Harry Harrison’s 1966 novel, Make Room! Make Room! is probably more familiar to people through the film, starring Charlton Heston, Soylent Green which I’d seen several times before I read this book. It had been out of print for a good number of years and, having enjoyed the film based on it and, when younger, a number of Harry Harrison’s other novels, I’d been quite keen to read this. So when it was republished I was a happy SF fan.
The novel itself is a dystopia, set in 1999, then the future. It has an ecological premise; the world is unable to sustain the human race. The plot of the book concerns the attempts by policeman, Andy Rusch, to investigate a murder. In the imagined future, the investigation of a murder was fairly rare, because the police had to spend so much of their limited time and resources controlling desperate and hungry people. Fans of Heston’s film should note, also, that the central revelation of that film is absent from the novel (let’s face it, there’s more than a reasonable chance that even if you’ve not seen the film, you know what that is).
The world depicted in Make Room! Make Room! is a compelling, if unrelentingly grim, one. The environment is the enemy, though the slant in this is slightly different from a lot of other ecological apocalypse fiction. The tendency (as far a I’ve noticed anyway, and this isn’t absolute – I’m sure I could go and find some other, differing, examples) is to portray the environment becoming overloaded with toxins due to our thoughtless use of resources, or for one big man-made event to cause an ecological disaster. In the case of this novel (and this probably has a lot to do with when the book was written) it is purely a result of our desire to end death. The dire situation that humanity finds itself in, is caused by something almost unquestionably good (though there is also the theme of access to birth control, in the mid-sixties in America, a huge issue).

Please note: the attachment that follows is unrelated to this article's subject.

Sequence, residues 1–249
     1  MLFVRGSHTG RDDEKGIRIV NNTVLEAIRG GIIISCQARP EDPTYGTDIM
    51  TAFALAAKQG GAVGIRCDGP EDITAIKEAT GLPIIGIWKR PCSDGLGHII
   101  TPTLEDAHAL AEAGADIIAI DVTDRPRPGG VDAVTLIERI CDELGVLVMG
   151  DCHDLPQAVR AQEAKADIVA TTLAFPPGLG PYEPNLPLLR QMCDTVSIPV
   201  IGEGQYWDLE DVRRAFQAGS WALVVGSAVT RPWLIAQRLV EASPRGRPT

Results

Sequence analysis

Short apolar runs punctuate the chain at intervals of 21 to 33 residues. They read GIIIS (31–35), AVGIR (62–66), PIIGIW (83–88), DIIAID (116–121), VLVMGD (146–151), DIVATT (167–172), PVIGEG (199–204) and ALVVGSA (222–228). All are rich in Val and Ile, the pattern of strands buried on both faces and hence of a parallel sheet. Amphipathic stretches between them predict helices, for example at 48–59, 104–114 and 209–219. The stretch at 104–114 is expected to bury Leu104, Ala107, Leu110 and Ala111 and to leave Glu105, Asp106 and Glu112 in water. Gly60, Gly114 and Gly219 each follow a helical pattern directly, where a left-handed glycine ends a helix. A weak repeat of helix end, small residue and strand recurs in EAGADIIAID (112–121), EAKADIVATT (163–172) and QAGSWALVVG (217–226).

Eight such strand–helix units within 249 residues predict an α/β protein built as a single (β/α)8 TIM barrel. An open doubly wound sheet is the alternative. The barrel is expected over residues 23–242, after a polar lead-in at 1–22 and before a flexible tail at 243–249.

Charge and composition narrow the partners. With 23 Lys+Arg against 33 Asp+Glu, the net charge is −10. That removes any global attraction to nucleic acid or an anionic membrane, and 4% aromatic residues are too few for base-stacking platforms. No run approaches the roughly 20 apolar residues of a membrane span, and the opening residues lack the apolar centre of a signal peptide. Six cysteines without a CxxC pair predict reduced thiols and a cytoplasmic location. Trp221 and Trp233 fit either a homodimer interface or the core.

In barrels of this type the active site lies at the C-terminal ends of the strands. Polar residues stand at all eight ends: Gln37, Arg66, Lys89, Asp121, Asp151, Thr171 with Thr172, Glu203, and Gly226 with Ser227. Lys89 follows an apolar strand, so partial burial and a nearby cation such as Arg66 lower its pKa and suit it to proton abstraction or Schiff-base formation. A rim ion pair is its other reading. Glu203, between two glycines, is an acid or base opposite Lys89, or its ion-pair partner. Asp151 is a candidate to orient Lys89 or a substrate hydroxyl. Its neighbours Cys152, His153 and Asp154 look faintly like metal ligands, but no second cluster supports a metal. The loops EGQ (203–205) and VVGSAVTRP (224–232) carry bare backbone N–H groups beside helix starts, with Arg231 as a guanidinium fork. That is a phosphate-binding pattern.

Rusch’s friend Sol, has this to say on the subject:
“I’ll tell you what changed. Modern medicine arrived. Everything had a cure. Malaria was wiped out along with all the other diseases that had been killing people young and keeping the population down. Death control arrived. Old people lived longer. More babies lived who would have died, and now they grow up into old people who live longer still. People are still being fed into the world just as fast – they’re just not being taken out of it at the same rate. Three are born for every two that die. So the population doubles and doubles – and keeps on doubling at a quicker rate all the time. We got a plague of people, a disease of people infecting the world. We got more people who are living longer. Less people have to be born, that’s the answer. We got death control – we got to match it with birth control.”
I should point out here that I imply no luddism on my own part by distinguishing between the causes of the catastrophe in this and other novels. Progress is a good thing. To point to a crude example would be that the Soviet Union sought economic progress, and undeniably got it. However, many of the environmental consequences of this were unquestionably catastrophic. My point is that the eradication of death and disease are hard to find any fault with, whereas there are some human economic activities which have visible and immediate consequences when we consider the impact that they have on the way that people live.